Tuesday, February 9th, 2010
The U.S. biofuels story is a mix of interrelated elements: energy security (lessening dependence on Middle Eastern oil), ethanol, a clean energy economy…and China.
Traditionally, the geopolitical reality plays out like this: the United States relies on politically sensitive Middle Eastern petroleum, which makes the U.S. particularly sensitive to oil price volatility, which in turn, compels the U.S. to invest money and human capital in guaranteeing supply.
But as a major corn producer, the United States commits corn resources to biofuels in the name of moving towards energy independence, price security, and a clean energy economy. Meanwhile, China is industrializing, making a lot of money in the process, and beginning to suck up a rapidly growing percentage of the global supply of crude oil.
Tuesday, February 9th, 2010
The Obama administration is creating an office to coordinate and report the latest climate change data, a unit analogous to the National Weather Service that officials hope will help planners, businesses, and the public better understand and prepare for the effects of global warming.
The office, which will be part of the National Oceanic and Atmospheric Administration, will assemble about 550 scientists already working on climate issues under one roof. All data will be accessible on a website, www.climate.gov. (more…)
Friday, February 5th, 2010
Friday, December 18th, 2009 was one of the saddest days of my career. The Copenhagen Climate Conference had ended with a non-binding Copenhagen Accord. And no one knew what it meant. When I returned to the negotiating center, it was as empty as the Copenhagen Accord. The NGO and government leaders had abandoned the center. And the accord’s emission reduction commitments were blank.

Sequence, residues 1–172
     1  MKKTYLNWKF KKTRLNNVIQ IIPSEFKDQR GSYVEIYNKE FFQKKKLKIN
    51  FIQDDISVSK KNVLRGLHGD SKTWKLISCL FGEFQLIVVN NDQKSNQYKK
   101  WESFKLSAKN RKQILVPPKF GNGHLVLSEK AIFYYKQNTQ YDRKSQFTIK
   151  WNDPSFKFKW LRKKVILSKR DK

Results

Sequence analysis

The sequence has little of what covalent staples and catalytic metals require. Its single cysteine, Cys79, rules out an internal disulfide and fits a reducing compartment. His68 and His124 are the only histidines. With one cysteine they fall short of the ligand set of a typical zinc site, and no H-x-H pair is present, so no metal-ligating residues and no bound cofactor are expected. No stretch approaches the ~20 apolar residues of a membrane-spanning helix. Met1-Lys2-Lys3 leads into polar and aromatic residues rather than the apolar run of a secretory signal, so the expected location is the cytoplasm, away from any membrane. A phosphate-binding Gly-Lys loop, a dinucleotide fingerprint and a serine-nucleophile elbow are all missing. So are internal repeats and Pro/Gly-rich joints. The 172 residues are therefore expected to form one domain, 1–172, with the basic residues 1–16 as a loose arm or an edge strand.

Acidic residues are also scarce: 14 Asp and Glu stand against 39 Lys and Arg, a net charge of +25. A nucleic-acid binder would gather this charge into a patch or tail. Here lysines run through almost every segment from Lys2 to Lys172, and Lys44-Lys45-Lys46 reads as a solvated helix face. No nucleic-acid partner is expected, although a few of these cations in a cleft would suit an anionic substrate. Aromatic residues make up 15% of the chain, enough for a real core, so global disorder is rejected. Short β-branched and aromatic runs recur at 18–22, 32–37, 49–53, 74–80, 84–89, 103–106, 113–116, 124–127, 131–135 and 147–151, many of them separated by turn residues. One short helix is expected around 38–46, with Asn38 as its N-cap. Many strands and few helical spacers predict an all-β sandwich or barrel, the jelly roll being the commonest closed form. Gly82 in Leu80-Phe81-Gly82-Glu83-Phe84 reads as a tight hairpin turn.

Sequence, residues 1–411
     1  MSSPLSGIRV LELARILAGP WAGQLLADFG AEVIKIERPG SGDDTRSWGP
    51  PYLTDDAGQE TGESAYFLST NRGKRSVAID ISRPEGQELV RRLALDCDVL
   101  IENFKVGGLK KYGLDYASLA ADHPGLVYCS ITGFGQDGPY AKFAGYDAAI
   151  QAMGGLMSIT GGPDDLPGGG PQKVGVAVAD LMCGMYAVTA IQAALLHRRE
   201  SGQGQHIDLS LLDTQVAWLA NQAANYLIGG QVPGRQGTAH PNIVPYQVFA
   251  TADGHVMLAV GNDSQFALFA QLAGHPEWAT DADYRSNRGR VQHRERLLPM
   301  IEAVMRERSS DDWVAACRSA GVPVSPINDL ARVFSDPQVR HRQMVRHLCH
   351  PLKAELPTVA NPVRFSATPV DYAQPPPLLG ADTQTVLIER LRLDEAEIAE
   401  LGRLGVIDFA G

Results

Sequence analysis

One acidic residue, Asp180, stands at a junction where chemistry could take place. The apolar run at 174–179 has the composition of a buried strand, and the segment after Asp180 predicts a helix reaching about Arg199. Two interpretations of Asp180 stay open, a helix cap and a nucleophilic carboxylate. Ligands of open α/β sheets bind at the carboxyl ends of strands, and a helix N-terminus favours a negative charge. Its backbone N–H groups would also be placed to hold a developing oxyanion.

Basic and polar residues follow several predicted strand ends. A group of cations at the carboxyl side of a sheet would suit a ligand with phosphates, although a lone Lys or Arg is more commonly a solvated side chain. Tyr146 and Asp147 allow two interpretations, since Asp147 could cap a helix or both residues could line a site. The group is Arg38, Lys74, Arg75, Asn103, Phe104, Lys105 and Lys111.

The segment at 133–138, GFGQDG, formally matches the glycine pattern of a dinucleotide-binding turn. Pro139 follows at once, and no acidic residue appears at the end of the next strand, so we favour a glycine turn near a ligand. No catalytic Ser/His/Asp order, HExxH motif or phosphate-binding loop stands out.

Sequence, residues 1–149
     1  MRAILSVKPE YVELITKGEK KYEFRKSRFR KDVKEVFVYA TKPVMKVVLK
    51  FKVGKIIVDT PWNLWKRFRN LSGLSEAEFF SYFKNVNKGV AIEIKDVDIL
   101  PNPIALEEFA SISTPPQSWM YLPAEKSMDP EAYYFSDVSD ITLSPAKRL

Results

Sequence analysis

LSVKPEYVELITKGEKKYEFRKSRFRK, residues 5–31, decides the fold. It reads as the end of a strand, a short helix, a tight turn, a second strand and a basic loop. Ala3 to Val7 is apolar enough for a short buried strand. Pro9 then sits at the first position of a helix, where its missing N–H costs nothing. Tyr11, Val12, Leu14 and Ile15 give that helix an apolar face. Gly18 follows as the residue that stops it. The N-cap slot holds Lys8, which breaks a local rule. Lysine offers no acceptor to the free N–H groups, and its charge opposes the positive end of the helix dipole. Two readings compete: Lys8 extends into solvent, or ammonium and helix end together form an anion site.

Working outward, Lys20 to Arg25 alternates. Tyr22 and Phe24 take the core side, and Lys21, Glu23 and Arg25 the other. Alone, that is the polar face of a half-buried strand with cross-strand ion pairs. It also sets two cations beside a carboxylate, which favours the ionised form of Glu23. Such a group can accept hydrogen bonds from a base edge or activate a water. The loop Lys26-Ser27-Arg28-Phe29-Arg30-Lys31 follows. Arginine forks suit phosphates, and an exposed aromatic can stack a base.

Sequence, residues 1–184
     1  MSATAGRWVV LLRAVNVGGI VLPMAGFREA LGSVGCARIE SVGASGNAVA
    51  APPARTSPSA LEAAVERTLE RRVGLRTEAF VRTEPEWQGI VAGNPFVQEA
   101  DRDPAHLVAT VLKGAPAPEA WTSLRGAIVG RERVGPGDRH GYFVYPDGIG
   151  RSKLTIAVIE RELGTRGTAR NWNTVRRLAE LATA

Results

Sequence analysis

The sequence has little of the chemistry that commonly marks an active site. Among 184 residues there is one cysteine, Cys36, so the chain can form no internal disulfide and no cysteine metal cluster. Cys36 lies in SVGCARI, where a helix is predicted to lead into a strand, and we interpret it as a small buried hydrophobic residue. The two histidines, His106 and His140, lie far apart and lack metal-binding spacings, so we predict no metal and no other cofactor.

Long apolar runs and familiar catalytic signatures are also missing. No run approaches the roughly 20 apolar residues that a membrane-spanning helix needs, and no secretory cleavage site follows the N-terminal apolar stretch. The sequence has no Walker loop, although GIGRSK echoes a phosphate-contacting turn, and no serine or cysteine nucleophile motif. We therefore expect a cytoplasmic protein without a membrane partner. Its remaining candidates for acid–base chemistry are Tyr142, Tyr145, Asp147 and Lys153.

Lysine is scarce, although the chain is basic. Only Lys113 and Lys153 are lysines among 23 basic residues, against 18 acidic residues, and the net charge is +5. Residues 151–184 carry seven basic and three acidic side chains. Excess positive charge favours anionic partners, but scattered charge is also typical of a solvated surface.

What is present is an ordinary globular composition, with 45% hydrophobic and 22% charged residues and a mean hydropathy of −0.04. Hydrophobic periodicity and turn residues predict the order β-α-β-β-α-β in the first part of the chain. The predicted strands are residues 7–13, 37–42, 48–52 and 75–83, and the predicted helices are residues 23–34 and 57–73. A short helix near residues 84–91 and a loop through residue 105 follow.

On January 31st, we got to see what the pledges are. The small island nation of the Maldives has committed to 100% mitigation by 2020. The Maldives foreign minister announced, “The Maldives’ submission of its mitigation action is voluntary and unconditional…The Maldives looks forward to its mitigation action being registered and publicly available.” That’s leadership.
Wednesday, February 3rd, 2010
WASHINGTON (Reuters) – U.S. President Barack Obama outlined a strategy to boost biofuels production on Wednesday, seeking to nudge the country toward energy independence while balancing the environmental costs of grain-based motor fuels.
The move is part of the administration’s effort to gain more votes for a climate bill stalled in the Senate that will seek to boost production of clean, low-carbon energy and help the country reduce its dependence on imported fossil fuels.
The climate bill faces further hurdles after the election last month in Massachusetts that gave Republicans a Senate seat long held by Democrats, depriving the president’s party of 60 votes that could overcome procedural hurdles.
Tuesday, February 2nd, 2010
Fifty-five major industrial powers that produce nearly 80 percent of the world’s greenhouse gas emissions have submitted voluntary CO2 reduction targets, but a top UN climate official says they still fall short of what’s needed to limit future temperature increases to 2 C (3.6 F).
Meeting a Jan. 31 deadline established at the December climate summit in Copenhagen, the European Union set a goal of reducing emissions 20 percent below 1990 levels by 2020; Japan pledged to slash CO2 emissions by 25 percent below 1990 levels by 2020; the U.S. set a more modest target of reducing carbon dioxide emissions 17 percent below 2005 levels by 2020; and China vowed to cut the so-called “carbon intensity” of its economy — the amount of CO2 produced per unit of gross domestic product — by 40 to 45 percent by 2020.
Monday, February 1st, 2010
Tom Friedman spent most of 2009 beating the China-is-winning-the-green-race-drum, and he has started 2010 with the same focus.